The reasons why I accepted are not all that clear. There was the bomb in front of the journal, an old word of advice from Bob Dylan: «Never trust a cop in raincoat, when asked to define yourself exactly, say you are an exact mathematician »[4]; a past rebellion against an obtuse math teacher who rammed incapacity into the pupils’ heads (how resignation prints itself into children’s soft brains is properly vertiginous); and on top of it all, the puzzled discovery of sea pollution by the media stammering vague ecology notions. I did not feel on a par, but to flee, to act, to breathe new air, to meet a genius…


It would require credentials. My fairy godmother cleared the way. One sunny morning I found myself on the buttercups sprinkled lawn at the Observatoire de Meudon. « Science is chiefly a game » declared Jean Pierre Luminet, a young physicist with a radiant health, while ducks took off and landed on the pond. To be able to work in such a place seemed amazing. There was even a vegetable garden with wild annual delphiniums that no murderous hand had come to weed.


We were talking about the Big Bang. It is not exactly what I thought it was. Let us say, very simply, just a very hot phase at a given moment in the great beginning of everything. Not the beginning, a phase. The explosion, it seems, is still going on. The universe is expanding. Galaxies are moving away as I am typing this. We have known it since 1929, I just checked in Hawking (thanks to him I can get rid of two books tomorrow; this manual is worth an encyclopaedia, index included). Indeed, the further the galaxies are, the more they flee. Edwin Hubble discovered that in 1929, by analyzing their glow. « The Big Bang theory existed much before, explained Luminet under the trees, but up to then cosmology, the study of the universe, was deemed purely gratuitous »; a second clue is the 3° Kevin (-270°C) Background radiation, echo from the big detonation which was discovered in the 1960s; thirdly, the large quantity of hydrogen and helium, which require a hot, concentrated phase. « These lighter elements could not be made in the stars which make all others; for we are from stars bits and pieces.» I found the idea very attractive but what is it based upon? « On the understanding of nuclear reaction, Luminet answered. Measures are precise enough that we can tell the universe went through a certain temperature range for about one hundred seconds. Let us say it is 99% certain. Stephen Hawking, for his part, looked into what happened before that hot phase, a more primitive state of the universe. The expansion theory has much developed, in the last few years. It was born in the 1920s. The Russian mathematician Friedman found cosmological solutions to Einstein’s equations of general relativity..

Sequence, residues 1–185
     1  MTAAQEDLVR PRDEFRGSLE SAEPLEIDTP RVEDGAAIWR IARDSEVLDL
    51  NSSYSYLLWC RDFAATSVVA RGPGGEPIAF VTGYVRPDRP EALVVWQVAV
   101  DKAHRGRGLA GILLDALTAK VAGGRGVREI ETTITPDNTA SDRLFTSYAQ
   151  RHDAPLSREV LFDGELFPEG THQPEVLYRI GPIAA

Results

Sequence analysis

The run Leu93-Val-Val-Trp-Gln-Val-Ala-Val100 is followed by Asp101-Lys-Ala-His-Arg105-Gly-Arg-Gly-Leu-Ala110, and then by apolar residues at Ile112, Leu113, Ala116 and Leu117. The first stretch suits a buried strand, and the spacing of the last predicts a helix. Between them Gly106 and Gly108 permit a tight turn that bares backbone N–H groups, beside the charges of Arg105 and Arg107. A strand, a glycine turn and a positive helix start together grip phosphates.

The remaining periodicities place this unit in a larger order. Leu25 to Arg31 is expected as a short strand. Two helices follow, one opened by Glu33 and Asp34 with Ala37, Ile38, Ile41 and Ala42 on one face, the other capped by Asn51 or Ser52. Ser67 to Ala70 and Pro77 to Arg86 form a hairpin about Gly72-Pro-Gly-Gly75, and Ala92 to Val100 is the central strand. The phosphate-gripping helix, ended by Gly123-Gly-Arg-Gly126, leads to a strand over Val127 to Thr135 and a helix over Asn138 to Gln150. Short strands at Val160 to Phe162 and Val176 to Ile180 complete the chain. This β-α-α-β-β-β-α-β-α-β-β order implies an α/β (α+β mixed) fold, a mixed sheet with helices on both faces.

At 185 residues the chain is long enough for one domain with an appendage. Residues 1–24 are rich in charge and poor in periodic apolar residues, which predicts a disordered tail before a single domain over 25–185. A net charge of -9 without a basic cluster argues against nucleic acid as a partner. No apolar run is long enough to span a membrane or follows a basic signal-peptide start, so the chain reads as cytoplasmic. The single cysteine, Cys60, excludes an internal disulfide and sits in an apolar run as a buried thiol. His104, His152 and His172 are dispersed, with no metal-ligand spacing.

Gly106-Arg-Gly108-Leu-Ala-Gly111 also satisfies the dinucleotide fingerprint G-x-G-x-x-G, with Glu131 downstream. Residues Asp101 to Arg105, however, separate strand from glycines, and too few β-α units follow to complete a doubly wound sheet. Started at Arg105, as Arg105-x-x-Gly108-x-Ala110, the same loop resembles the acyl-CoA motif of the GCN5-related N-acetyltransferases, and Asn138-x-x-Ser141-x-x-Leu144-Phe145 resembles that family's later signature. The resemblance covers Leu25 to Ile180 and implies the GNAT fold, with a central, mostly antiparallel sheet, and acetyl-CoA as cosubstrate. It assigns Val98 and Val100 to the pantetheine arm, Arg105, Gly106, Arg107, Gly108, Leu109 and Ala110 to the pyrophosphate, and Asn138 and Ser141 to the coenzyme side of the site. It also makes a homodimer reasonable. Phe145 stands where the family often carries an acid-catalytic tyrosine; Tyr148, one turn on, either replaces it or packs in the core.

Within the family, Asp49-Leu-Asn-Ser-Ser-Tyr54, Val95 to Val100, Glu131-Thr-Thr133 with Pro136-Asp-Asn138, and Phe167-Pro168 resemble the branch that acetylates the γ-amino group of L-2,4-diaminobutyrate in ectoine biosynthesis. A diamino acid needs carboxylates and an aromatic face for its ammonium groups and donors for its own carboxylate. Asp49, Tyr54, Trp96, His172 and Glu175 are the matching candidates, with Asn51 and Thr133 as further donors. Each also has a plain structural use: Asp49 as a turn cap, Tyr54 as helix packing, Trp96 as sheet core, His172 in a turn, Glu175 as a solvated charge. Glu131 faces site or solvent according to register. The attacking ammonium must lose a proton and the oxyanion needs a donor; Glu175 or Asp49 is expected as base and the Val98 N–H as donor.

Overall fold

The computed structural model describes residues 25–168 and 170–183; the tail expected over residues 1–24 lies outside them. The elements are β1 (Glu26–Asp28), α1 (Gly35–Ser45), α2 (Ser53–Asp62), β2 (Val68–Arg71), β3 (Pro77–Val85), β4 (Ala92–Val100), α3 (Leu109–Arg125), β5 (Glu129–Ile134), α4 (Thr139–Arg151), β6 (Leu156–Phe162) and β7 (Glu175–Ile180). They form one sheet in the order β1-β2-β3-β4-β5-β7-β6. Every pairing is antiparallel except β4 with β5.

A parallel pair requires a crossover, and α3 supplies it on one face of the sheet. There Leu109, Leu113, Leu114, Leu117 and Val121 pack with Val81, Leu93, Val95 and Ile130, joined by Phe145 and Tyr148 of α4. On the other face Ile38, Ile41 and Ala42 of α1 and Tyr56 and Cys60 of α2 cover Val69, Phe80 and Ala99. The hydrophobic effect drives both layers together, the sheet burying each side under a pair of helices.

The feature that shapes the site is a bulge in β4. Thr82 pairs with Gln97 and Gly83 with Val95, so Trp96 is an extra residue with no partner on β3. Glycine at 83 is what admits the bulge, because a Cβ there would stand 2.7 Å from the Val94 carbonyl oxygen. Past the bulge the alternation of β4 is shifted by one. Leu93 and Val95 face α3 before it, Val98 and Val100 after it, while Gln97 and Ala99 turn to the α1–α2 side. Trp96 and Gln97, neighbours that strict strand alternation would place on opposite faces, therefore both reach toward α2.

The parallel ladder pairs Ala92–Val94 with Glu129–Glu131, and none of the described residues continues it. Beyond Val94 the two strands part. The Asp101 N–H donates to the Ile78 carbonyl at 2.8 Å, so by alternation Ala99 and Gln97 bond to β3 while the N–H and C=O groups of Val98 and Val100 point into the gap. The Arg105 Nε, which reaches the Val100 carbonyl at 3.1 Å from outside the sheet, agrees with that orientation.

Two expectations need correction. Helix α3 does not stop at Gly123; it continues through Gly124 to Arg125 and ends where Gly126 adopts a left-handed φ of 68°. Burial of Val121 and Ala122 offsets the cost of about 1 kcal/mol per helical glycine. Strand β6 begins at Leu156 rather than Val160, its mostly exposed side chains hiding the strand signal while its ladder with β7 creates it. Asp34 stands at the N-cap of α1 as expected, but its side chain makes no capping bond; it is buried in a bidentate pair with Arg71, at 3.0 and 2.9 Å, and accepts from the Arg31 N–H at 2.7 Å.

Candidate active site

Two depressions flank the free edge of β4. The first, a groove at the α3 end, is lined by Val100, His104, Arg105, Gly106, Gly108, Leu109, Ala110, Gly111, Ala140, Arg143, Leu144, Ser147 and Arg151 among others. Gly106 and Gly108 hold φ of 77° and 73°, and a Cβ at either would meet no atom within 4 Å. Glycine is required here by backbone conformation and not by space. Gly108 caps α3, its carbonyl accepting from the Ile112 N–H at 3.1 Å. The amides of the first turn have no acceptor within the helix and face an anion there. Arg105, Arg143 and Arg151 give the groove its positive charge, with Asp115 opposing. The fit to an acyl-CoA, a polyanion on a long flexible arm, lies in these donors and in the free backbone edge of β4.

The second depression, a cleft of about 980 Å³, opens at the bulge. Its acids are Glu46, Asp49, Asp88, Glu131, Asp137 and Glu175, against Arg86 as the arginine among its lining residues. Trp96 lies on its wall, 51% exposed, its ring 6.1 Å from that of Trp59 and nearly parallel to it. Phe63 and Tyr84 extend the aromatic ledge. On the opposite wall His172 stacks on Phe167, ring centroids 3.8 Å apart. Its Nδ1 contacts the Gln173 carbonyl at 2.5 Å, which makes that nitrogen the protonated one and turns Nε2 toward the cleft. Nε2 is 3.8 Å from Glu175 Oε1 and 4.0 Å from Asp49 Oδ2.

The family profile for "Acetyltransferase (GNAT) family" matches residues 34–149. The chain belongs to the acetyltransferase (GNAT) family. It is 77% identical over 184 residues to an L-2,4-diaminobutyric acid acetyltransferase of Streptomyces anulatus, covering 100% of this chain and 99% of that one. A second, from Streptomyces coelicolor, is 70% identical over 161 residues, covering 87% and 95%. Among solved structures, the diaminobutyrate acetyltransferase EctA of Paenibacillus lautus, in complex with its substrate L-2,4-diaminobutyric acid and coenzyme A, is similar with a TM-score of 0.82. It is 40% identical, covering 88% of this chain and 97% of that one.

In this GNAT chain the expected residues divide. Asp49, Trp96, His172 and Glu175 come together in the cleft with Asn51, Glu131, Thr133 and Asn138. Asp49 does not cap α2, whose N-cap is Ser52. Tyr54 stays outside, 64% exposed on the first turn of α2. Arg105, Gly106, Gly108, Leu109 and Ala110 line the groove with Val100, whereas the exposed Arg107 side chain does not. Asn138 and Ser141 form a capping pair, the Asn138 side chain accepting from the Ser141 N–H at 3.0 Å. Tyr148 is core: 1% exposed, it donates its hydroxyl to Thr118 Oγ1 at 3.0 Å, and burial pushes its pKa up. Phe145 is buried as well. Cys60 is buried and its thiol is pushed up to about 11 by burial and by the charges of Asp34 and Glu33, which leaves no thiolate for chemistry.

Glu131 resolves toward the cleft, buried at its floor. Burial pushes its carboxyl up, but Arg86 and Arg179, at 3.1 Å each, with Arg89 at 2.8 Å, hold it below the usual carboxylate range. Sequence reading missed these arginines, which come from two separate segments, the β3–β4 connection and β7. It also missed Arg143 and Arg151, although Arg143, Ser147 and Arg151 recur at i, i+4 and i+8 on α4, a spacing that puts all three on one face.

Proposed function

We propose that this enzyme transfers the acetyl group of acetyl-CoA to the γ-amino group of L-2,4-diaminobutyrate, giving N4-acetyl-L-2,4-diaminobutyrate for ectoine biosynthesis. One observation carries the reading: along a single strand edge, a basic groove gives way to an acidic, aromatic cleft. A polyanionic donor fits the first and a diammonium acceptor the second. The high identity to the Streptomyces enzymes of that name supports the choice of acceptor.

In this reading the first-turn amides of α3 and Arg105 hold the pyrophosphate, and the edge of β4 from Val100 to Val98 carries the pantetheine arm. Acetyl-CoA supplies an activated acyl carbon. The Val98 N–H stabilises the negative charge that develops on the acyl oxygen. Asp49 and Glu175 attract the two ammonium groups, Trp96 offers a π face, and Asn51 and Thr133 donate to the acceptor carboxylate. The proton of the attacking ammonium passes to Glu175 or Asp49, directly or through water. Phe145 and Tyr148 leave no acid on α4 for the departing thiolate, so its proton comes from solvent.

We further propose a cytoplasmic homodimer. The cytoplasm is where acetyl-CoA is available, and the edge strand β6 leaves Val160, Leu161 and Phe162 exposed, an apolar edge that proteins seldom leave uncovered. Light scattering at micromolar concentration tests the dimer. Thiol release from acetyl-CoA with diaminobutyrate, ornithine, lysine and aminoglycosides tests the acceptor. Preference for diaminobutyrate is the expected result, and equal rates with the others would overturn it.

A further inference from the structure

Stop, one moment to reflect. Imagine Cambridge, north of London, an academic town with bristling gothic spires, gilded statues on crenulated arches, mullioned windows, fashion boutiques, in a freezing climate; Professor Hawking’s wheelchair is parked under neon lights; the only office door is shut on the now empty, then buzzing, students cafeteria. The professor is fishing words on a screen. He is writing A brief history of time: « As we will see, the concept of time has no meaning before the beginning of the universe. This was first pointed out by St. Augustine. When asked: What did God do before He created the universe? Augustine did not reply: He was preparing Hell for people who asked such questions. Instead, he sais that time was a property of the universe that God created, and that time did not exist before the beginning of the universe. » For theoreticians, time is to be inscribed on an axis of coordinates in Einstein’s curved geometry, where, to go straight forward, the Earth revolves around the sun.